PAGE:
Pablo Neruda, a Nobel Prize winning Chilean poet and politician,
published bold poetry during the time of Augusto Pinochet’s coup d’etat,
at a time when many persons were being disappeared if they spoke against the government.
In 1973, Pablo Neruda died a mysterious death from heart failure,
a death later determined as “highly likely” to have been ordered by Pinochet himself.
Neruda once wrote: “(They) can cut all the flowers but (they) cannot keep Spring from coming.”
“In a world filled with hate, we must still dare to hope. In a world filled with anger,
we must still dare to comfort. In a world filled with despair, we must still dare to dream.
And in a world filled with distrust, we must still dare to believe.”― Michael Jackson
I will close with a poem by Dawna Markova. Markova is the author of Random Acts of Kindness
and other books, including Reconcilable Differences: Connecting in a Disconnected World.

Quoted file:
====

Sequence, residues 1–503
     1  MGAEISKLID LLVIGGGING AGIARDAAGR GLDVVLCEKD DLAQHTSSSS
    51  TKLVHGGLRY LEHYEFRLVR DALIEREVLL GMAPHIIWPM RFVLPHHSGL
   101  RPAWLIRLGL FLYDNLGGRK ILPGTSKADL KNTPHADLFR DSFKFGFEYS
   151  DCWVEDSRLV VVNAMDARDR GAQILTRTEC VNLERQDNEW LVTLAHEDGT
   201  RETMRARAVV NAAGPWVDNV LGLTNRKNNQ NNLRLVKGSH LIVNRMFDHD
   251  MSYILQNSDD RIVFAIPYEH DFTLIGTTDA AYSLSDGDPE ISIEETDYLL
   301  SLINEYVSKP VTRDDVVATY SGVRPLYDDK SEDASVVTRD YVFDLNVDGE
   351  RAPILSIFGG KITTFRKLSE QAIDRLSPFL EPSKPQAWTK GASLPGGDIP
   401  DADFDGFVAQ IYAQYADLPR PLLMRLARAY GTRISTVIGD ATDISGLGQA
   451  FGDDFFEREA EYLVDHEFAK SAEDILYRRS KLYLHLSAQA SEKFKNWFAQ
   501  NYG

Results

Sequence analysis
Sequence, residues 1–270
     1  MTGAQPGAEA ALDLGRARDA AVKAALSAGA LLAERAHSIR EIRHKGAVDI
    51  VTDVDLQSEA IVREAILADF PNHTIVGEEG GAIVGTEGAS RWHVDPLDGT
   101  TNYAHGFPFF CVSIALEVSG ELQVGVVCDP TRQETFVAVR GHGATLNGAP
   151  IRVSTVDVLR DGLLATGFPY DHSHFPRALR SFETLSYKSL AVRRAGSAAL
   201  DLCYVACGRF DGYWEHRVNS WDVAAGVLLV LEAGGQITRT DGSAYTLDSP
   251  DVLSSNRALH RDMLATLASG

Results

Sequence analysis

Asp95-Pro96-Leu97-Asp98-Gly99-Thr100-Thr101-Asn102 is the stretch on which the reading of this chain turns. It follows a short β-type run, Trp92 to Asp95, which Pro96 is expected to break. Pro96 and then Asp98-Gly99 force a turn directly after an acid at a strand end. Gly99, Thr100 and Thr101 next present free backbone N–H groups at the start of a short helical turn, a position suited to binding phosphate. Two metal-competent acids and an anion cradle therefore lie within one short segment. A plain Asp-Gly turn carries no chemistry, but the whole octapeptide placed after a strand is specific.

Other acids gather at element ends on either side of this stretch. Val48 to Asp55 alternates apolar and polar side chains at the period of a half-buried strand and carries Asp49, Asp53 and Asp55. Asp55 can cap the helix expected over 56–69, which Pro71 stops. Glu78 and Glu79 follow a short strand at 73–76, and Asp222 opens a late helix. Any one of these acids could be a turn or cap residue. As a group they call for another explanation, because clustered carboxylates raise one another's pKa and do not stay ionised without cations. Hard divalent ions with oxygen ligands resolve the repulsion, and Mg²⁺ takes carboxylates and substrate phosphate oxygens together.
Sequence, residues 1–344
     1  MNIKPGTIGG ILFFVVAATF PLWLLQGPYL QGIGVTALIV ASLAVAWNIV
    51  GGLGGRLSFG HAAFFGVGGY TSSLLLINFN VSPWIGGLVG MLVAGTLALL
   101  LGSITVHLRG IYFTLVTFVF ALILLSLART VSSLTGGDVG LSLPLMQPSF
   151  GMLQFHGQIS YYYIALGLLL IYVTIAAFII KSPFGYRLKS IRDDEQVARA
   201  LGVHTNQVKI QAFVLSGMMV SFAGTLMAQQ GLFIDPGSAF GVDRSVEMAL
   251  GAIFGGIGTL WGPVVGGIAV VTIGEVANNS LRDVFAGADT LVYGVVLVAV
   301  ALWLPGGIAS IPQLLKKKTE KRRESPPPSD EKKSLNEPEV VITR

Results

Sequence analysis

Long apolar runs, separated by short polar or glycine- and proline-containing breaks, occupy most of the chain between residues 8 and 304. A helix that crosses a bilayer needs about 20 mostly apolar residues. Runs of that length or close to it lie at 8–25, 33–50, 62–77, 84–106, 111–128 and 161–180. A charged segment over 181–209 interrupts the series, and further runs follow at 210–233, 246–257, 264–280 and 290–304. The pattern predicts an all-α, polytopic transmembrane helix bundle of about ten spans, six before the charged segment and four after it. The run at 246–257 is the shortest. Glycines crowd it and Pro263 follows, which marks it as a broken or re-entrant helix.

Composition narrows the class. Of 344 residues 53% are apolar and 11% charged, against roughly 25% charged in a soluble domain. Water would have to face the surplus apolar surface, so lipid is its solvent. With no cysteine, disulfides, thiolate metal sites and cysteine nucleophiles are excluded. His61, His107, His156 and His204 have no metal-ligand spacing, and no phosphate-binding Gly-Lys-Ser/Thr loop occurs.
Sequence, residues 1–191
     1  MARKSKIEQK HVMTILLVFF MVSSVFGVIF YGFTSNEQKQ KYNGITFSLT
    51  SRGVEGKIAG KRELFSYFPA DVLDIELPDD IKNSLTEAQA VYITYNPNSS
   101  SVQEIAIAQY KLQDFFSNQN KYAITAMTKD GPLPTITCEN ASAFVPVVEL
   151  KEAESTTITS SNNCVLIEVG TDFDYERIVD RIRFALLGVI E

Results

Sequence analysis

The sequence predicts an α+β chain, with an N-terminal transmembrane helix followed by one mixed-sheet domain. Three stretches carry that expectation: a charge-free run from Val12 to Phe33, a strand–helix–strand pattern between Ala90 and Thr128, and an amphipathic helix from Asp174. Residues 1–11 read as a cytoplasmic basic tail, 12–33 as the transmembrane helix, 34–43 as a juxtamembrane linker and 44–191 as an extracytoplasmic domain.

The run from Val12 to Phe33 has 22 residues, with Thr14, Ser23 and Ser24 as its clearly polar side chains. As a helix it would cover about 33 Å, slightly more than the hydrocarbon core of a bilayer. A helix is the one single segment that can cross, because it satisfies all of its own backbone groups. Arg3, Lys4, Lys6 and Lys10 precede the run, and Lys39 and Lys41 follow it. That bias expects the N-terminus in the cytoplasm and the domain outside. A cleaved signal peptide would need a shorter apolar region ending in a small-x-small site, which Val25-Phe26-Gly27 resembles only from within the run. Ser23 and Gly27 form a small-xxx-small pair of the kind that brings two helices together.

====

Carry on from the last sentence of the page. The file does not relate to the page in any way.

Her poem is called “Fully Alive”:
“I will not die an unlived life.
I will not live in fear
of falling or catching fire.
I choose to inhabit my days,
To allow my living to open me,
to make me less afraid,
to loosen my heart
until it becomes a wing,
a torch, a promise.
I choose to risk my significance;
To live so that which
came to me as seed
goes to the next as blossom,
and that which came to me as blossom,
goes on as fruit.”
This Advent season, there are many things that can wait.
I can wait for the traffic to clear. I can wait to go to the shopping mall.
But I cannot wait for hope.
Living with hope is so closely related to receiving the peace, love and joy of Jesus
that we seek and that the world so desperately needs.
Hope in the Lord, my friends, for hope does not disappoint us. Amen.
Rev. Dr. Todd Speed
Decatur Presbyterian Church, Decatur, Georgia